To prevent their children from sucking their thumbs some parents use bitterants or piquant substances on their child's hands—although this is not a procedure encouraged by the American Dental Association[8] or the Association of Pediatric Dentists. During the 1950s, parents could get a series of sharp prongs known as "hay-rakes" cemented to a child's teeth to discourage sucking.

The American Dental Association recommends:

  • Praise children for not sucking, instead of scolding them when they do.
  • If a child is sucking its thumb when feeling insecure or needing comfort, focus instead on correcting the cause of the anxiety and provide comfort to your child.
  • If a child is sucking on its thumb because of boredom, try getting the child's attention with a fun activity.
  • Involve older children in the selection of a means to cease thumb sucking.
  • The pediatric dentist can offer encouragement to a child and explain what could happen to its teeth if it does not stop sucking.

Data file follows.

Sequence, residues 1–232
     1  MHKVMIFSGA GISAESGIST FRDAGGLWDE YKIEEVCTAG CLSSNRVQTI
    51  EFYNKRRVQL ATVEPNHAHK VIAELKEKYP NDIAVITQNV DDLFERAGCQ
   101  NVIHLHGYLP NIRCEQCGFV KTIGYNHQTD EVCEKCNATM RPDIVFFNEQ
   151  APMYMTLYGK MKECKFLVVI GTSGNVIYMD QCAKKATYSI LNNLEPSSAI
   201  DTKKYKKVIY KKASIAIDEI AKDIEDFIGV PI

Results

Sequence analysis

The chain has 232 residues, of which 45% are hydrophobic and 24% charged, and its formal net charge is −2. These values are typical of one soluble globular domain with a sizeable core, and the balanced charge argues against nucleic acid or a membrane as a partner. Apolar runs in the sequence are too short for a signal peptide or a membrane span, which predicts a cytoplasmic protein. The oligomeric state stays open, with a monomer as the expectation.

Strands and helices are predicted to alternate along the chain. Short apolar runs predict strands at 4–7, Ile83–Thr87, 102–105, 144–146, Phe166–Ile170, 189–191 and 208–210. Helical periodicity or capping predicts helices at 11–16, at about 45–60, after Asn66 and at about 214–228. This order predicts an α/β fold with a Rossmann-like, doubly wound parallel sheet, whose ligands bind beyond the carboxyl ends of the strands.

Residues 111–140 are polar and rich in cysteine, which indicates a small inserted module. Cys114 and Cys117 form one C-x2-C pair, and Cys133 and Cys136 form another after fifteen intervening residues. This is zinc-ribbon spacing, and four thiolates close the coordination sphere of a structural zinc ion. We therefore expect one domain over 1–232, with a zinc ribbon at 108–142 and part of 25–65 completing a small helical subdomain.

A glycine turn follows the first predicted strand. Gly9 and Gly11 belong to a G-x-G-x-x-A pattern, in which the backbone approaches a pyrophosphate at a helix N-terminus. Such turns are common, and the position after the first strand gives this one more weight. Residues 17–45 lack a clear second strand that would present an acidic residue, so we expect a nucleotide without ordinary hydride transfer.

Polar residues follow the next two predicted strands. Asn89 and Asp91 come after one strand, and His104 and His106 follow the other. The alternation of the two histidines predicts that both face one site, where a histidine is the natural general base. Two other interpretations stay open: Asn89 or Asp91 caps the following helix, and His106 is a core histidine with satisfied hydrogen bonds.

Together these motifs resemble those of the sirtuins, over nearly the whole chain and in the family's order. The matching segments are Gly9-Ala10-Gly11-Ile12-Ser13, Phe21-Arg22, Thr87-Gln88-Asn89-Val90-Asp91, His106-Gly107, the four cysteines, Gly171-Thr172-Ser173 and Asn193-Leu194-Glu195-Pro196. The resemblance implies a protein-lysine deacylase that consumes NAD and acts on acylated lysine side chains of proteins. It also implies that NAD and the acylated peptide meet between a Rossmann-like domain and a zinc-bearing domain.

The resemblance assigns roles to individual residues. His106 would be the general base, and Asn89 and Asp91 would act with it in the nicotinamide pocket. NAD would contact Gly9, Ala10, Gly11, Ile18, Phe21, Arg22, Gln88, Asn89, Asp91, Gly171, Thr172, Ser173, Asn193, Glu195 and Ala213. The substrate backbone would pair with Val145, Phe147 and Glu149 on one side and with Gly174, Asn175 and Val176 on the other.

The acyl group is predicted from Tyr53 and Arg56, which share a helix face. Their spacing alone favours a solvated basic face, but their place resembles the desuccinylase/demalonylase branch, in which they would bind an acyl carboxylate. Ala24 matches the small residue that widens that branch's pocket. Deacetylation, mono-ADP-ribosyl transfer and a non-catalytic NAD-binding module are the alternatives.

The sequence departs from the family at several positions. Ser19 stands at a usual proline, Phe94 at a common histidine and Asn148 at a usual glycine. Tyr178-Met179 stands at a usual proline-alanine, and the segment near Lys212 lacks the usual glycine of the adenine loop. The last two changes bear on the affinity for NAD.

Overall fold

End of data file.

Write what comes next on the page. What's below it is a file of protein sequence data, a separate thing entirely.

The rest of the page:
• Only if these tips are ineffective, remind the child of its habit by bandaging the thumb or putting a sock/glove on the hand at night.

Clinical studies have shown that appliances such as TGuards can be 90% effective in breaking the thumb or finger sucking habit. Rather than use bitterants or piquants, which are not endorsed by the ADA due to their causing of discomfort or pain, TGuards break the habit simply by removing the suction responsible for generating the feelings of comfort and nurture.[10]

See also[edit]

References[edit]

  1. ^ Jolly, A. (1966). Lemur Behavior. Chicago: University of Chicago Press. p. 65. ISBN 978-0-226-40552-0. 
  2. ^ Benjamin, Lorna S.: "The Beginning of Thumbsucking." Child Development, Vol. 38, No. 4 (Dec., 1967), pp. 1065–1078.
  3. ^ "About the Thumb Sucking Habit". 
  4. ^ a b A. Kantorowicz: "Die Bedeutung des Lutschens für die Entstehung erworbener Fehlbildungen." In: Fortschritte der Kieferorthopädie. Bd. 16, Nr. 2, 1955, S. 109–121.
  5. ^ a b O'Connor, Anahad (27 September 2005). "The Claim: Thumb Sucking Can Lead to Buck Teeth". The New York Times. Retrieved 1 August 2012. 
  6. ^ “Influence of thumb sucking on peer social acceptance in first-grade children” In: Pediatrics. April, 1994
  7. ^ Erwin Reichenbach, Hans Brückl: Kieferorthopädische Klinik und Therapie. J. A. Barth, Leipzig 1962
  8. ^ a b http://www.ada.org/2977.aspx
  9. ^ "Damage to the primary dentition resulting from thumb and finger (digit) sucking” In: Journal of Dentistry for Children. Nov-Dec 1996
  10. ^ "Unique Thumb with Lock Band to Deter Child from ThumbSucking” In: Clinical Research Associates Newsletter.Volume 19, Issue 6, June 1995

External links[edit]